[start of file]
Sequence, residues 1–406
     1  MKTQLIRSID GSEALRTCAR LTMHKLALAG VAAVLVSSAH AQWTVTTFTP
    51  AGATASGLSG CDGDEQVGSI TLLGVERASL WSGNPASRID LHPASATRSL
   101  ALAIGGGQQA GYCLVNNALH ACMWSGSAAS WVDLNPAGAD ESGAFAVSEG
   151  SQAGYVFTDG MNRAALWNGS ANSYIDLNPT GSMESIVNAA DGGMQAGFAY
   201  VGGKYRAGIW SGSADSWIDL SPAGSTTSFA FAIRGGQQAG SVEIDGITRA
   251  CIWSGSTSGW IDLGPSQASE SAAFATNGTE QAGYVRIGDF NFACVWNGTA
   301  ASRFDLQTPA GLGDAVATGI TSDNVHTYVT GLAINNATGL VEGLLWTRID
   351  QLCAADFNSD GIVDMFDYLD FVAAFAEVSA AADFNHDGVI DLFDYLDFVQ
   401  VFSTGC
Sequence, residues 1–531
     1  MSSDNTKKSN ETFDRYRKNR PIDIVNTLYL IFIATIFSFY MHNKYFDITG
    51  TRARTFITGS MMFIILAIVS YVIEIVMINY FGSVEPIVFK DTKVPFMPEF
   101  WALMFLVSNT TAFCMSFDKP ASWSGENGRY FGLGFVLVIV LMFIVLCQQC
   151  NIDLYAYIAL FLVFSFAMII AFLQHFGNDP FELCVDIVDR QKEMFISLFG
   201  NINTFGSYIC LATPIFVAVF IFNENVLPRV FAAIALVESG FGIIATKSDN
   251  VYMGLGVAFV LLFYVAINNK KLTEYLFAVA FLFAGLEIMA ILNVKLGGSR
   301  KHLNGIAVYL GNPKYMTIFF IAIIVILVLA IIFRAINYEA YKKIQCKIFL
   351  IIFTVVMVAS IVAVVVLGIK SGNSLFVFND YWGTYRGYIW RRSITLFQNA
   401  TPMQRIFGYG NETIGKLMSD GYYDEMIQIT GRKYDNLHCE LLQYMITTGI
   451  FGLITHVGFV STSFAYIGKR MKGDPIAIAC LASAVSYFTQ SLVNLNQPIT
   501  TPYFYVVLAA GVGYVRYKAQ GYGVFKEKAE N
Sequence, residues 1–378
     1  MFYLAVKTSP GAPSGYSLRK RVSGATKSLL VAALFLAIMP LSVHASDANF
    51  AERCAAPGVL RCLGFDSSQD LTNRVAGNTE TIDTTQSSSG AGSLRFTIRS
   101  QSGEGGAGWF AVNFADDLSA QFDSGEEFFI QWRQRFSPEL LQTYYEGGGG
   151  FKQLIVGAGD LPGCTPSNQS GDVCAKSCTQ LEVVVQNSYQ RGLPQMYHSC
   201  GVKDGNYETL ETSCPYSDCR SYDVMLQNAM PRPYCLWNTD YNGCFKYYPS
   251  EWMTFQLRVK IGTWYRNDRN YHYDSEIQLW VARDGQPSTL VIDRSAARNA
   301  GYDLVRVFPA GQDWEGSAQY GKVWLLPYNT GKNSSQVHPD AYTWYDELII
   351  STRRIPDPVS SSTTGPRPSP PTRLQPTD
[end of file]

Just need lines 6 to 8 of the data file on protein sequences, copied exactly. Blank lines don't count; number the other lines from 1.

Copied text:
   201  VGGKYRAGIW SGSADSWIDL SPAGSTTSFA FAIRGGQQAG SVEIDGITRA
   251  CIWSGSTSGW IDLGPSQASE SAAFATNGTE QAGYVRIGDF NFACVWNGTA
   301  ASRFDLQTPA GLGDAVATGI TSDNVHTYVT GLAINNATGL VEGLLWTRID